Alcohol in one form or another has been the drink of choice since the dawn of civilization. Back in Greek and Roman times there was Bacchus, the god of wine. Then came Pan, the goat shaped figure who represented the male libido and alcohol. And why not? They both really go together.
It’s interesting how the various alcoholic drinks are made. Beer is brewed by assembling various ingredients like barley and hops into a liquid. The liquid is placed in giant tanks where it ferments. Yeast is added to help the process.
Wine is made in a similar fashion, only the grapes are crushed into a liquid that ferments. The sugar keeps the wine from turning into brandy. The more sugar, the less alcohol. Sherry is super strong or “fortified” wine. It has had alcohol added to it. Brandy is distilled in copper pots instead of being fermented. If the brandy from the Cognac area of France then it’s called Cognac.
Whiskey is made from corn and is distilled rather than being brewed. It’s made with corn because that’s what the American settlers had the most of. Scotch, on the other hand, is made from barley that has been smoked over a peat fire. Scotch only comes from Scotland and nowhere else.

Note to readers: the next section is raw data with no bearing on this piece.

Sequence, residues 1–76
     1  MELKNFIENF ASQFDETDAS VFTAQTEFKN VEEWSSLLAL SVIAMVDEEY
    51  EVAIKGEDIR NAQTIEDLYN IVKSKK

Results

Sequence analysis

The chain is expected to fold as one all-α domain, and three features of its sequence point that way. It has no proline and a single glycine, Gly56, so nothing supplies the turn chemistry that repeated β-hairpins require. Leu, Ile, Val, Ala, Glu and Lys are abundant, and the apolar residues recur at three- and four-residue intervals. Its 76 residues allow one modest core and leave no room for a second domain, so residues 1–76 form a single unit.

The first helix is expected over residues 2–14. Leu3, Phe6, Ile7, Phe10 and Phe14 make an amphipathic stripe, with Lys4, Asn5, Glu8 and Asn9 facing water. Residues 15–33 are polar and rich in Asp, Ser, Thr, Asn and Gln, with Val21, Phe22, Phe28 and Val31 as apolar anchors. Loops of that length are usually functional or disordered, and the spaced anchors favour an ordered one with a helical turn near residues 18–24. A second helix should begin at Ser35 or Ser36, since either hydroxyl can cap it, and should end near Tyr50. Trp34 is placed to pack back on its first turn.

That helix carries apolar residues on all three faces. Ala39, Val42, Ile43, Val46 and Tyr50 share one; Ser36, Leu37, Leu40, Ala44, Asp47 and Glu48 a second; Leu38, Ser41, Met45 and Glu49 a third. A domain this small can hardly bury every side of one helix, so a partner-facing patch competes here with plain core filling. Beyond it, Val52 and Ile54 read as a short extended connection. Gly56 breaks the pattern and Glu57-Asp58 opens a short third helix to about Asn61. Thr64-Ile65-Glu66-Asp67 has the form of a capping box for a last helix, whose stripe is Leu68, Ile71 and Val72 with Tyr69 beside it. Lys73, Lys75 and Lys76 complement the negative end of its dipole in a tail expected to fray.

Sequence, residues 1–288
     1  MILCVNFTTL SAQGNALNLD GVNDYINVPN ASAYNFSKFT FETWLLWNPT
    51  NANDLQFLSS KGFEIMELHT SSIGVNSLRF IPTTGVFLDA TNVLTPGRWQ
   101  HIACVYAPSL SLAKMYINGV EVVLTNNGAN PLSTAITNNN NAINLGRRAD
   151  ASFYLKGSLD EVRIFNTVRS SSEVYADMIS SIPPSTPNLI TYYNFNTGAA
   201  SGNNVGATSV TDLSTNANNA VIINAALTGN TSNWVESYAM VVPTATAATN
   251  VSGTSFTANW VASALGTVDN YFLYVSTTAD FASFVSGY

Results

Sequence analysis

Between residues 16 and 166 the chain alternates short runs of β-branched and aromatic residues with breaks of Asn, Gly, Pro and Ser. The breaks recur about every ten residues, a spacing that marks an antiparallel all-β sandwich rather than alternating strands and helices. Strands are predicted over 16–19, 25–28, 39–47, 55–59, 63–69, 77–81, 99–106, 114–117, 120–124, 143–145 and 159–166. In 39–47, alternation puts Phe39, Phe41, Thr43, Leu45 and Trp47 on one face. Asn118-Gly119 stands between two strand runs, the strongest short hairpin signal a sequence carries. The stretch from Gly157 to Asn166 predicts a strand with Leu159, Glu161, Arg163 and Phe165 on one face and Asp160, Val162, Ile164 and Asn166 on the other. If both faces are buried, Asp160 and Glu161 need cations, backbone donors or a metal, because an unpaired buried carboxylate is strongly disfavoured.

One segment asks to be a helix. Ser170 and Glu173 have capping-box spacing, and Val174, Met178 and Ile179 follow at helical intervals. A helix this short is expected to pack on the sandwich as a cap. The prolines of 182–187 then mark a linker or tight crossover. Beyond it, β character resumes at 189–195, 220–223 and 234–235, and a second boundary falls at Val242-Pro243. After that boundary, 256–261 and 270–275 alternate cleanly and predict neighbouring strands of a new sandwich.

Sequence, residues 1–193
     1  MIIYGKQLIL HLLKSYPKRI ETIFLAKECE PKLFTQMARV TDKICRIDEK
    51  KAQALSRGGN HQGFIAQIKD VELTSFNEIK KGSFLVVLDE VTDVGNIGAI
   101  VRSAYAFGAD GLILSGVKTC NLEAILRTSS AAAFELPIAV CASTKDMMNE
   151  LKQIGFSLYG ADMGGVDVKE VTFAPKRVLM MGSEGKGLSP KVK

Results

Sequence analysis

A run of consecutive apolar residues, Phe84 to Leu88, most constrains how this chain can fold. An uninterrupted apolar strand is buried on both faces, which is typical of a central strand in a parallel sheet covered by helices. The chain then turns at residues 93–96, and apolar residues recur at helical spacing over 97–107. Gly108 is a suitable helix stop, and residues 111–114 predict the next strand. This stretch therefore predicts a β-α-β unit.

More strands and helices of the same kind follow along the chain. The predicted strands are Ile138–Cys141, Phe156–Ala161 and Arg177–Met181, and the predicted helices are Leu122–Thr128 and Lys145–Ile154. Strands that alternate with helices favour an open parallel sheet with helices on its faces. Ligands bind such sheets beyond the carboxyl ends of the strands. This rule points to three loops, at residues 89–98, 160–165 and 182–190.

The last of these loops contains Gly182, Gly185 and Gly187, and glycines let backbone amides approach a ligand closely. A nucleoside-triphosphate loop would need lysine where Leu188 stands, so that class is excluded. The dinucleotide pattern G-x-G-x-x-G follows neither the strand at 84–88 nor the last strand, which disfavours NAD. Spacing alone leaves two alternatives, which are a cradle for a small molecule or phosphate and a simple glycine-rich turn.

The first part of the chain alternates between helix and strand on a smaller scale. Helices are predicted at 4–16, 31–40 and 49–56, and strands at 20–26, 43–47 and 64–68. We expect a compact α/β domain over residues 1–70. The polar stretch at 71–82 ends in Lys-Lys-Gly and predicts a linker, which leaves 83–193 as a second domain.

Then there are the distilled spirits such as gin and Absinthe, that are made from grain alcohol and herbs. Gin has a number of herbs in it is juniper, while Absinthe contains wormwood, a herb that is so bitter that just being in a room with it can make you cough.
There are other uses for different types of alcohol other than drinking. There is rubbing alcohol that is made from isopropyl alcohol and jet fuel that is made from ethyl alcohol. According to the St. Louis Post Dispatch,
“The alcohol that people drink comes from yeast. If you take yeast cells and give them a source of sugar or starch, they will eat it. The yeast will produce both alcohol and carbon dioxide as its waste products. If you crush grapes to make grape juice and add yeast, for example, the yeast will eat the sugar in the grape juice and start making alcohol. It is natural for grape juice to turn into wine.”
“You can do the same kind of thing with just about any sugar or starch, including barley (the starting point for beer), corn (the starting point for whiskey), molasses (the starting point for rum) and so on. Add water and yeast and you get alcohol. Yeast eventually create so much alcohol that they kill themselves off, and the limit is about 13 percent alcohol.”